Willow Rock Poetry

In the Willow Rock Writers newsletter for April 2011, I invited folks to send in their poetry in celebration of National Poetry Month. We received some lovely poems, reprinted below. Thank you to everyone who contributed!

This Is My Beloved
By Mary Rose Betten

I divine words
dream words
drive words
persistence accelerates
demands cohesion
Switch off
that car radio
Turn on
some air
Answer loves command
Get Down
Sticky note it
Don’t be a
Pull over
Set it free
I park
where none dare
the void
words burst
warm upon
my thighs
My forehead
comes to rest
the steering wheel
Cooled in
sweet surrender

My Santa Barbara
By Bud Stuart

My Santa Barbara is a Dream.
For all these years that’s what it’s been.
From a splendid Biltmore Sunday brunch,
When long ago we stopped for lunch,
To this year now, it all still clicks,
We still  enjoy a magic mix.
Our setting sun will light the sea,
As well as mountains majesty.
With such beauty all around,
So many fun “to do’s” abound.
Perhaps to the Polo Fields you’d go,
With horses flying, to and fro.
A Sunday with such fun and food,
Creates a Santa Barbara mood.
You’d rather see a play you say?
The historic Lobero’s not far away.
Or if you prefer a smaller stage,
The Center or Ensemble are all the rage.
We even have a Santa Barbara Symphony,
World class music you’ll soon agree.
Our SB Ballet trips the light fantastic,
Some are modern, others classic.
Plus you won’t even need your car,
For nothing’s really very far.
It’s a city that’s built for walking,
With endless great restaurants for talking.

Whether you desire rice and beans,
Or this planet’s very top cuisines,
Santa Barbara’s always standing tall,
For, you see, we have them all.!
Then for your mental satisfaction,
You will find a lot of action.
Museums like the Karpeles
Bring living history to us.
Our Santa Barbara Museum of Art,
Each and every year it does it’s part.
While high upon the hill we see
A Museum of Natural History.
Activities too many to mention
Constantly call for our attention.
An evening sail on the Double Dolphin.
Or at the Muni a fun filled day of golfin’.
We even have our own Show Grounds,
Where endless fun events abound.
For a town that does not have great size,
Our Santa Barbara always takes First Prize.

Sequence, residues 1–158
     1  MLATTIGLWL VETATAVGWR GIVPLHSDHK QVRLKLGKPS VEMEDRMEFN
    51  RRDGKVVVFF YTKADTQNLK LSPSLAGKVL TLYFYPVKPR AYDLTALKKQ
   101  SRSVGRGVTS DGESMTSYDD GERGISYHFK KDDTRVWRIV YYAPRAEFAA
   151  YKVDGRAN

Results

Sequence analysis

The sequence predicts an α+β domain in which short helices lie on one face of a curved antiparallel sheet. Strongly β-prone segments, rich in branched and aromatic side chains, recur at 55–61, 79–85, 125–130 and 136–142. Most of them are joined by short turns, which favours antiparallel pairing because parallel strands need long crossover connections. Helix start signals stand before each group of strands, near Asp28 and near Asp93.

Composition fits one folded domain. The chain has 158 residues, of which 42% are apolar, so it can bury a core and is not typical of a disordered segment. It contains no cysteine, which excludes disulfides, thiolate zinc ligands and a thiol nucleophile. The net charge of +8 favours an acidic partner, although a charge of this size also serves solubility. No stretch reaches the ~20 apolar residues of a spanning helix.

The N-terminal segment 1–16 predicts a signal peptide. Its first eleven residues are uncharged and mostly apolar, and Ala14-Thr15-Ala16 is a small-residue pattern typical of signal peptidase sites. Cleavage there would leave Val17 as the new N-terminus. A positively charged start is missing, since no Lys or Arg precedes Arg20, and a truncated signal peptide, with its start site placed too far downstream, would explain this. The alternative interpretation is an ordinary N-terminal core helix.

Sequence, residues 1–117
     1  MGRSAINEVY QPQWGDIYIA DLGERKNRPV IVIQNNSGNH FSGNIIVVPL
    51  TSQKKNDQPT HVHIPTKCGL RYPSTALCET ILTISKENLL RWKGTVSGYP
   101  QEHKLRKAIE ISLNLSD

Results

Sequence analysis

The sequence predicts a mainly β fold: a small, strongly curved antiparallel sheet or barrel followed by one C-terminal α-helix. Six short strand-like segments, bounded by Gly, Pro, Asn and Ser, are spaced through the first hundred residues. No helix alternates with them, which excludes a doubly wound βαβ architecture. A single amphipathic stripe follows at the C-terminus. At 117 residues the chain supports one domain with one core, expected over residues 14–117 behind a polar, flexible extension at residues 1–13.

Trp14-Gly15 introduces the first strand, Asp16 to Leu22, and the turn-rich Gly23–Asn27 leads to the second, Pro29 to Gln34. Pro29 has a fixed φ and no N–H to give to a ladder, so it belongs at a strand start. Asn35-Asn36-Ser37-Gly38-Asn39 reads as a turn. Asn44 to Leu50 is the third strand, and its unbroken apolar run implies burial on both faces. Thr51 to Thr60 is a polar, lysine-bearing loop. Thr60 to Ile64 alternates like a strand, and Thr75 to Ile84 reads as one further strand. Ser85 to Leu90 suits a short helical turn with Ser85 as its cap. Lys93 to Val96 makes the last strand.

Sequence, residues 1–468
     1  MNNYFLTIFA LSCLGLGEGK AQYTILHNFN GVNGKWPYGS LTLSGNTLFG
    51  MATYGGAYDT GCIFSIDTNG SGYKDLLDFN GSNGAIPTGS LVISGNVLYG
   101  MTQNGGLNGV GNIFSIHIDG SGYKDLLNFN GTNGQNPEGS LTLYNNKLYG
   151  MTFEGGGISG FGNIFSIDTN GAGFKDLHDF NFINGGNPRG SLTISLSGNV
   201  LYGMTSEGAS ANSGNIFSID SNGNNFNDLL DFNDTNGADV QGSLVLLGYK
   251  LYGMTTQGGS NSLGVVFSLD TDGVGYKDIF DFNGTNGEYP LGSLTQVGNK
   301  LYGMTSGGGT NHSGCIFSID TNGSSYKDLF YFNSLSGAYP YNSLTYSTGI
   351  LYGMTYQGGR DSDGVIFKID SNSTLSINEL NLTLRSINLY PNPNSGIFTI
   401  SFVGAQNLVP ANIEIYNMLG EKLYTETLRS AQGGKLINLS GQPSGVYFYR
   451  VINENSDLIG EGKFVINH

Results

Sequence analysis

For beauty or activity,
There is no better place to be.
So thank you Fate for what we’ve gained.
Perhaps these lines have now explained.
What Santa Barbara means you see,
Is Paradise on Earth for me.

By Evelyn Burroughs

bold crow bold crow

stands in my intersection

daring not to 

surrender the 

right of way,

not inclined to 

fly off, as others 

of his ilk do

when people approach

bold crow, bold crow

dismisses my bullying

him out of my way

to stand in a puddle

instead, drinks boldly

of run-off sprinkler 

water from lawns nearby

as if he owns

the intersection     

or at least this 

pool over which 

he hovers, then casts        

a beak-eye disdain

at my car for

disturbing the 

webbed ripples of a 

crow-puddle just right 

this day-- as if   

to reprimand me with

“Did you really have to do that?”

bold crow - bold crow 

stands, drinks, glares 

after my clearing

his intersection so --

that he might resume   

being beyond bold

and blameless.

At the Table
By Evelyn Burroughs

At his cluttered table

only a left over

Christmas center piece plant and me

show signs of life.

Plant and human

come to rest like thane companions surviving a torturous trek.

A flattening out before the step to decision.

Where to from here?

From the plane of third options and kinsmen,

MacBeth’s quandary resonates:

Steeped in thus far, going back is a greater leaping o’er

Than standing still.

Weighing in at the table:

Plant reminds woman how it arrived

at the table weeks ago—

when its leaves were greener, soil moister, stems taller, and

hopes higher for both of them

to have found a haven.

His table now holds them hostage

in this landscape where

plant and woman breathe in futility. Woman

remembers the last plant brought into his house

to the table --left alone in an unnurturing space dark ,

its life sacrificed for the scraps of

attention she might garner from his sparse light and tepid touch.

In this nothing hour at the table

plant and woman in coiled clutch feel

their presence shrinking

 unable to rise above the dense undergrowth of


Sweet Thing* Laments
By Evelyn Burroughs

A slow night
Cars cruisin’ by but not stoppin’
Usually hungry Johns, Eds, Willys--
Even a Doris  (I seen it all)
Peering out from tinted windows
   rolled halfway up     or down
Nobody’s appetite need feeding 
Just as well

I aint feeling it tonight.
My baby Sarah still sick with the flu
-- the doctor say
She can’t keep nothin’ down, hot with fever all over
Bobbie D won’t let me take off to stay with her
She cry when I leave the flat.
I ask him   What can one evenin’ matter?
   His stable’s deep – ‘leven walkers in the Ville alone
He say      Your time   my time
                 you off your back put me on my heels   

So I stroll this Euclid Blvd,
peering back into tinted windows 
     Bmers, Caddies & Chevy pickups
hoping to spot a daddy who see  a 
sick little girl he need to watch over

before the darkness swallow her up.

*Sweet Thing is one of the women, a prostitute, described in Nina Simone’s “Four Women”

Conversation with a 2-year-old
By Cindy Bousquet Harris

Do you want cereal?
No, I want cereal.
Let's change "diapey" first.
(Wail of dismay.)
I don't want to change diapey.
Because I don't want to change diapey.
I think we've got some circular reasoning 
going on here.
(More wailing, kicking, and squirming 
as I attempt to situate her 
on the changing pad.)
You need to help Mommy.
(More kicking and squirming.)
Do you want a time-out?
(More squirming.)
DO you want a time-out?